Covington officer retires after 45 years on the job

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After 45 years on the force, Covington Assistant Police Chief Almond Turner is hanging up his badge.

Turner joined the department at a time where black officers usually patrolled black neighborhoods and white officers patrolled the white ones.

Turner said his last goodbyes hanging up his badge after 45 years on the force this week.

"I have shed a lot of tears because those have been tears of joy because I really love the men and women of this department," said Turner.

Turner was 22 years old when he vowed to serve and protect the citizens of Covington. That was in 1972 at a time when segregation still existed.

"The black officers, we mainly patrolled zones three and four, which are the black neighborhoods," said Turner.

Turner said that's just the way it was. He also kept one of his first paychecks for those first few weeks on the job.

"I made like $125 for 45 hours of work, after taxes, I think it was like $95 I brought home because they had to deduct $15 for my weapon," said Turner.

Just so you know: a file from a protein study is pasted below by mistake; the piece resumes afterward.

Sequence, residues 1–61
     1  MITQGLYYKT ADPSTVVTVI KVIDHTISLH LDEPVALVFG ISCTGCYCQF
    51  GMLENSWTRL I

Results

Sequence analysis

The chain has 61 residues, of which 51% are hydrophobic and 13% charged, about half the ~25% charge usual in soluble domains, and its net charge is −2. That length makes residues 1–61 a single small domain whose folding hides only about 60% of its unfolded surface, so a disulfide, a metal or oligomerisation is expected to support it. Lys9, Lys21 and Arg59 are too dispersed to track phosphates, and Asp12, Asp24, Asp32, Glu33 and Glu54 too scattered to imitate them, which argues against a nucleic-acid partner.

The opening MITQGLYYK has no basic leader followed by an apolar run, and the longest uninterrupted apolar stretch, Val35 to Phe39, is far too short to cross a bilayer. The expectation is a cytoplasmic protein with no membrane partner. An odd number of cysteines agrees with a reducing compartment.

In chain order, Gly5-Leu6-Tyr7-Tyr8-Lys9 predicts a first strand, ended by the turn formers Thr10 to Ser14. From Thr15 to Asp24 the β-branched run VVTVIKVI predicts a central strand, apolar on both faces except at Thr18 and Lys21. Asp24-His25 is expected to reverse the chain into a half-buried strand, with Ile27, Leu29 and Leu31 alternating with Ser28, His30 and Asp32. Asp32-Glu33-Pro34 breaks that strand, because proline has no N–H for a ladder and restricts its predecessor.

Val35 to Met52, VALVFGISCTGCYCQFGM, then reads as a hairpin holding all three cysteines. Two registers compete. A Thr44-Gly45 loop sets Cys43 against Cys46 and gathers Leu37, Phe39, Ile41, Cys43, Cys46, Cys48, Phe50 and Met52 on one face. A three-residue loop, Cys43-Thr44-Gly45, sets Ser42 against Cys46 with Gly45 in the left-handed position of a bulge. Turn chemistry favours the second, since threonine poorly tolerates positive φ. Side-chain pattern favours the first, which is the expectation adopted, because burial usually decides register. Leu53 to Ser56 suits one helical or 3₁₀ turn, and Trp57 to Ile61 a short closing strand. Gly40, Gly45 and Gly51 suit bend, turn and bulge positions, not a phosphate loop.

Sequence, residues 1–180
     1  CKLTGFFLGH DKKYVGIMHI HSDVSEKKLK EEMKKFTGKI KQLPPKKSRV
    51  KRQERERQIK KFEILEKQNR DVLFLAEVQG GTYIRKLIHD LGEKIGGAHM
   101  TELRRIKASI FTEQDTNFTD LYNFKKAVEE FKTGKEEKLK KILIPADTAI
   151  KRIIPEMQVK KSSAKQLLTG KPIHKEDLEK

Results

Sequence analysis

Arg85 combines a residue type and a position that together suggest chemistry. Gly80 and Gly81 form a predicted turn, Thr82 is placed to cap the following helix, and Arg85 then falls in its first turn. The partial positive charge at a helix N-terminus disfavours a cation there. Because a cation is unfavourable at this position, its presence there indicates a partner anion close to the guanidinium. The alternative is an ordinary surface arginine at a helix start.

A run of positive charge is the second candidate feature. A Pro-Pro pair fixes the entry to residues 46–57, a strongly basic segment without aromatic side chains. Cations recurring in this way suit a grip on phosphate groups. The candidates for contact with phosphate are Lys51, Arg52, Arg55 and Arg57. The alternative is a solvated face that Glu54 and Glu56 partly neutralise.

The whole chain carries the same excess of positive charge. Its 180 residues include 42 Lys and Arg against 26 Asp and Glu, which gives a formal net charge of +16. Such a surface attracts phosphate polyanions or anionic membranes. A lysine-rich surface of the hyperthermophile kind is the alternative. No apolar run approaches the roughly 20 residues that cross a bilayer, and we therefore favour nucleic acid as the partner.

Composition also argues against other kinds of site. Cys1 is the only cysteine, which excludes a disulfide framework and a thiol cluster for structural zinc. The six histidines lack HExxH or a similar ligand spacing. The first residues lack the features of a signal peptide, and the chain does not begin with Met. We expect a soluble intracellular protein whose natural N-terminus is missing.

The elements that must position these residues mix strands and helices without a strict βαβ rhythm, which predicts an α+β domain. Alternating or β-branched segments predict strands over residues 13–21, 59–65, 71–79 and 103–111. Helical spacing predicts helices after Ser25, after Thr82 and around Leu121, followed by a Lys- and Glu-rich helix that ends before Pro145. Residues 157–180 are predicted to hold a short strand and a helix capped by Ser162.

Back then officers bought their guns. Over the decades, time has changed. In the mid-70s, officers began patrolling all neighborhoods. Turner was put in charge of community relations and he said there was a much different attitude towards officers.

"Most of the time, if there was any confrontation with someone you were attempting to arrest, normally it was a verbal argument or scuffle and the next day they were really apologetic saying 'I had too much to drink, I didn't hurt you did I?'" Turner recalled.

Turner said he had a successful career because he treated people the way he wanted to be treated and remembered something his mother always told him.

"She always told us 'Do not allow other people's ignorance to dictate what you do in life based on the color of your skin.' And she also said 'make sure you don't allow people, what they say or do to you, make you respond in a way, and you respond in a way to bring you down to their level,'" said Turner.

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